Sunday, August 31, 2014

The Experiment Of Living

How could youth better learn to live than by at once trying the experiment of living? ~Henry David Thoreau

I grew up during a time in which "good parenting" meant opening the front door, sending your child outdoors, even as young as 3 and 4, and not expecting to see him for hours at a time. I knew my address was 134 Wembley Street and that when mom rang her bell I was expected to come home.

We lived in a suburban neighborhood in Columbia, South Carolina, in a house on a cul-de-sac. The day we moved in, I was standing beside the driveway watching the burly men carry our family's belongings into our new home, when I noticed another boy who appeared to be about my age standing at the end of the driveway. After studying one another for awhile, I walked out to him and did something that I would find extraordinary if it happened at Woodland Park today or any other preschool I've ever encountered: I introduced myself.

"Hi, I'm Tom."

And he replied, "I'm John."

Of course, most four-year-olds today are fully capable of introducing themselves, they have the confidence and language skills, but they've not had the practice because they've not had the opportunities. Most of their social introductions occur through adults, via parents at arranged playdates and teachers in school. For children growing up in the 60's, however, playing unsupervised in yards, streets, and vacant lots, engaged in the experiment of living, we made our own introductions because that's what we were left to do.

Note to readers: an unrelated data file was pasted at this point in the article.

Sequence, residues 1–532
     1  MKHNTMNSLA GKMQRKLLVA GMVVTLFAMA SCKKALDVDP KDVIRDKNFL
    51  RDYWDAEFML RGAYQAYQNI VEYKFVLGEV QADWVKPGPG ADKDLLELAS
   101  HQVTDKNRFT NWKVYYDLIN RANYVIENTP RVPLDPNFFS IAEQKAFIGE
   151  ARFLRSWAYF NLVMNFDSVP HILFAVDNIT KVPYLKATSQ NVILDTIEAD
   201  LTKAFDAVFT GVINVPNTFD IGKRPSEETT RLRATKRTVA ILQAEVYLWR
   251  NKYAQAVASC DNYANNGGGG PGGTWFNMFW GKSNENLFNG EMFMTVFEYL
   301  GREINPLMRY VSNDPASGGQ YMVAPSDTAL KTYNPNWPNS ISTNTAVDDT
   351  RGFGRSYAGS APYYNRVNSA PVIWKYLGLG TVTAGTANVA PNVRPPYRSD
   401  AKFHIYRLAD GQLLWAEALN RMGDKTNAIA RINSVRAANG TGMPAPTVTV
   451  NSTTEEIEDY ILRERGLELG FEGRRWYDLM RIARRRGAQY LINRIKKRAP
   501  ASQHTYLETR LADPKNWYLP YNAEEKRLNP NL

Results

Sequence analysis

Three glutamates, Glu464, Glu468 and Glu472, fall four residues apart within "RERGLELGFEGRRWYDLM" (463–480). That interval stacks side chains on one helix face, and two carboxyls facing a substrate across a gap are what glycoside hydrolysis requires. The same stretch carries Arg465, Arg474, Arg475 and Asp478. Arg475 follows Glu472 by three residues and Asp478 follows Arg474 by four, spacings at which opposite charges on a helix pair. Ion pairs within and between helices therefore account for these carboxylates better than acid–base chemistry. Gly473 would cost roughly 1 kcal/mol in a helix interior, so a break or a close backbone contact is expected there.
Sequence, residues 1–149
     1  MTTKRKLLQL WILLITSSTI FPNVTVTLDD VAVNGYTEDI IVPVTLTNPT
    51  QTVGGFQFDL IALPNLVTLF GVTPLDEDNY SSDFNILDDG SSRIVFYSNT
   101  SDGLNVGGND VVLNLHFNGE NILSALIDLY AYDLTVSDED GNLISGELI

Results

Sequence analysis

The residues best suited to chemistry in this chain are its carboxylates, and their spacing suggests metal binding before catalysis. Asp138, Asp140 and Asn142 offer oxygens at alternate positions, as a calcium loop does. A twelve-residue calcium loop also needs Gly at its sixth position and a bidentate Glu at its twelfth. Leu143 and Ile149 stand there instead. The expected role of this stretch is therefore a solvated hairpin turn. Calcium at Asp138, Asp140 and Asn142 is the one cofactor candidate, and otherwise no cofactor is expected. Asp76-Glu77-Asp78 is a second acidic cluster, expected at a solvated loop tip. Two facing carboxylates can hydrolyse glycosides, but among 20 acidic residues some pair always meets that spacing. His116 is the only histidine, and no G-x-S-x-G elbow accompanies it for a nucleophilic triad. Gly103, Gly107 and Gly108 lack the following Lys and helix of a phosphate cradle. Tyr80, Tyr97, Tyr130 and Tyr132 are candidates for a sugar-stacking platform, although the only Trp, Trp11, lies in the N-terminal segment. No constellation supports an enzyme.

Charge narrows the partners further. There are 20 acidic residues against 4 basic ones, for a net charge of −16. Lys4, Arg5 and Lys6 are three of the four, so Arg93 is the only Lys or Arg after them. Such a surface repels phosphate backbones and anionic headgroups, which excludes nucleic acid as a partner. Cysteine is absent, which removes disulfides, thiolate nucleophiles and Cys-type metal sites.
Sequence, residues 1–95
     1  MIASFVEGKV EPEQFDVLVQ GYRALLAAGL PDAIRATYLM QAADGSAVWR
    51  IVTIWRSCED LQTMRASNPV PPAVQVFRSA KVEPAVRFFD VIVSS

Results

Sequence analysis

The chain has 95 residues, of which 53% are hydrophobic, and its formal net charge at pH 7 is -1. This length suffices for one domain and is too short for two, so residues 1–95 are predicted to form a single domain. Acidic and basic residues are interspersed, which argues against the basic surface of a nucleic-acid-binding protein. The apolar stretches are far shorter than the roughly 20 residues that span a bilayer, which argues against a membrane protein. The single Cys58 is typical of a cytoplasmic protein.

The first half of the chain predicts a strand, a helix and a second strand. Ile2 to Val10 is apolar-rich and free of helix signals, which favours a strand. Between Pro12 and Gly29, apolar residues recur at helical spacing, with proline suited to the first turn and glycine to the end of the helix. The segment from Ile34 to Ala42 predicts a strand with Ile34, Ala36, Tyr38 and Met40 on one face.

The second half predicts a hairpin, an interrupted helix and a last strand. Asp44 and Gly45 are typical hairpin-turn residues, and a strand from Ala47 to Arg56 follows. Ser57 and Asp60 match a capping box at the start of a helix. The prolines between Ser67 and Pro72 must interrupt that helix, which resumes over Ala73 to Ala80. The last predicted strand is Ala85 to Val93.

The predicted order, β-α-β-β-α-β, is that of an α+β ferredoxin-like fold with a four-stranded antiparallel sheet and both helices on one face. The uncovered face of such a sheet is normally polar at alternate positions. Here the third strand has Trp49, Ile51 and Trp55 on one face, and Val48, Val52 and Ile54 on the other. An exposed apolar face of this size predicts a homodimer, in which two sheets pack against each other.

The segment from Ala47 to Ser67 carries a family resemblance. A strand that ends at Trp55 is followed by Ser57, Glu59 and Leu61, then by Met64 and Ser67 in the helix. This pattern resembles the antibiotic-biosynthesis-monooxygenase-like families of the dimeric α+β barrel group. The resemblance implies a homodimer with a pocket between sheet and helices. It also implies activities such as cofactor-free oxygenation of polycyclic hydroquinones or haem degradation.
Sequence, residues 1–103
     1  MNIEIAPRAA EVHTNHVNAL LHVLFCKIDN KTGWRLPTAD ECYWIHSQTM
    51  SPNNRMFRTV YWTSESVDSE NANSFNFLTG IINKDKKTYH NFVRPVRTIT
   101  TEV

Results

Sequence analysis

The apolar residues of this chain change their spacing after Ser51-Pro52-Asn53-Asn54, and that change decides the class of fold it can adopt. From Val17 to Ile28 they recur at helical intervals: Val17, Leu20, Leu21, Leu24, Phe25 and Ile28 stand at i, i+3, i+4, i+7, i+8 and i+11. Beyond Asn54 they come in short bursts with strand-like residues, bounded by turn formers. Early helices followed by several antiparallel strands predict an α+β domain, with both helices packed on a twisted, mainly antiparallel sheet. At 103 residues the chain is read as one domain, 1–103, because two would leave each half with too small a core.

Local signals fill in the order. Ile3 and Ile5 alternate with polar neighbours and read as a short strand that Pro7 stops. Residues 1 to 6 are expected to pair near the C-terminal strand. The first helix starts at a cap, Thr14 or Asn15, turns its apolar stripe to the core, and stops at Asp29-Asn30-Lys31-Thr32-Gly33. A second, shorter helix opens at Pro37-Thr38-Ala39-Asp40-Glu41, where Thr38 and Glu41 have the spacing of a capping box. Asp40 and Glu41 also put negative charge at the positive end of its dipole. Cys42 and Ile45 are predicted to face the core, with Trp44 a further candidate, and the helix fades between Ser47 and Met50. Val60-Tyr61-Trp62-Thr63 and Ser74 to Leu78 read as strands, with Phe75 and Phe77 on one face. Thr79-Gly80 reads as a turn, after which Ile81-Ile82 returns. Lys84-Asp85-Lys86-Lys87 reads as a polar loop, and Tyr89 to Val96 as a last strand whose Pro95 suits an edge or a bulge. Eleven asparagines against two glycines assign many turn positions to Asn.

As our school year starts, early years teachers will sing songs, make photo collages, and engineer all manner of other ways to help their children learn one another's names. Perhaps we would be better to leave them to their own devices, so that they can at once begin to try the experiment of living.

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Anonymous said...

I don't know. I think maybe kids don't need names the same way adults do. When my sons were about 7 and 9 a family moved in next door. There was a boy who looked about their age (he was 8). They somehow wound up in a small circle and one of them said, " do you like baseball?" The answer was yes and they've been the best of friends since (who do a lot more than just play baseball!). I think having common ground is more crucial than names and the names will come when needed.

Debby said...

I love this, Tom. It's so true. And, Anonymous, I think you missed the point, which is funny, because your example makes the point. It's about kids taking the initiative and being allowed the opportunity and freedom to do that naturally. And sometimes it's about parents butting out and "knowing their place," which means having a life of their own and not making their kids their lives.

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